Shang, Yang. The Book of Lord Shang. A Classic of the Chinese School of Law. Translated from the Chinese with Introduction and Notes by Dr. J.J.L. Duyvendak. Originally published: London: Arthur Probsthain, 1928. xiv, 346 pp. Reprinted 2011 by The Lawbook Exchange, Ltd. ISBN-13: 9781616191870; ISBN-10: 1616191872. Paperback. Light shelfwear. Else very good. $10.95 * Reprint of Volume XVII in Probsthain's Oriental Series. With a Chinese index and an index of names and references. The Book of Lord Shang was probably compiled sometime between 359 and 338 BCE. Along with the Han Fei-Tzu, it is one of the two principal sources of Legalism, a school of Chinese political thought. Legalism asserts that human behavior must be controlled through written law rather than through ritual, custom or ethics because people are innately selfish and ignorant. The law is not effective when it is based on goodness or virtue; it is effective when it compels obedience. This is essential to preserve the stability of the State. Roscoe Pound recommended this book for the study of old Chinese law in Outlines of Lectures on Jurisprudence (5th ed.) 235.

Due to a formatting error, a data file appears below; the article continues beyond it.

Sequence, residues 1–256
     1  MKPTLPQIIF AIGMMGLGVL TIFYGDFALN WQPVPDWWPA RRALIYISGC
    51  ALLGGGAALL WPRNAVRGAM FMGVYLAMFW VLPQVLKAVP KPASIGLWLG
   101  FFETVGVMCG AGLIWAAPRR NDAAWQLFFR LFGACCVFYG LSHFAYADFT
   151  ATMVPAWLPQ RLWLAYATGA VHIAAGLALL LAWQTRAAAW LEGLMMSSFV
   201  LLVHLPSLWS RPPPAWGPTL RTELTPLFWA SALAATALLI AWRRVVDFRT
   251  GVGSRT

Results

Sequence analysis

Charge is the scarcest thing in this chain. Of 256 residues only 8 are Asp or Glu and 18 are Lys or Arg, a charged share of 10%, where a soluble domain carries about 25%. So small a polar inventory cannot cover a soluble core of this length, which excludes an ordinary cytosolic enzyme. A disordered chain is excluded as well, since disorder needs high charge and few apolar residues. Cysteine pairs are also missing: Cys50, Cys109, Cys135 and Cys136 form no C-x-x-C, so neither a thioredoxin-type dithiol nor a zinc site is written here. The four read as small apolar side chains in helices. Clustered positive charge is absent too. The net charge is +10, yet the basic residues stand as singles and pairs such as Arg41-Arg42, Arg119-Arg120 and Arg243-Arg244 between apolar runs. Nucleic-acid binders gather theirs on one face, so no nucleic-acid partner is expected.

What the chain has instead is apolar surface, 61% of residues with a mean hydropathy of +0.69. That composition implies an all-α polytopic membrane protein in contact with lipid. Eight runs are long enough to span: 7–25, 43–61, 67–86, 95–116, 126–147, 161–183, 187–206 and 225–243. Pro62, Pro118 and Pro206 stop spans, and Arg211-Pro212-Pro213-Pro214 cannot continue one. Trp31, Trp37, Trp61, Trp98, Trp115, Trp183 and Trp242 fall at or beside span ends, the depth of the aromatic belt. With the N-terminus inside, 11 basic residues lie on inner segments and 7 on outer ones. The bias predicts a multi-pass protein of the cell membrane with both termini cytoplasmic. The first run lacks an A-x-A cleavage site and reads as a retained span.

Book number 75793